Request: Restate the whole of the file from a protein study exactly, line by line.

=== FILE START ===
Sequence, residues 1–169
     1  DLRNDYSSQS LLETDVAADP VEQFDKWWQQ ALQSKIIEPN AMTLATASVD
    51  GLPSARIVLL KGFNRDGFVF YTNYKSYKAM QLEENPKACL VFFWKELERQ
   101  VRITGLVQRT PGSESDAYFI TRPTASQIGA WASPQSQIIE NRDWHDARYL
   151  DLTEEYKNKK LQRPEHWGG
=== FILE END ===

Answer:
Sequence, residues 1–169
     1  DLRNDYSSQS LLETDVAADP VEQFDKWWQQ ALQSKIIEPN AMTLATASVD
    51  GLPSARIVLL KGFNRDGFVF YTNYKSYKAM QLEENPKACL VFFWKELERQ
   101  VRITGLVQRT PGSESDAYFI TRPTASQIGA WASPQSQIIE NRDWHDARYL
   151  DLTEEYKNKK LQRPEHWGG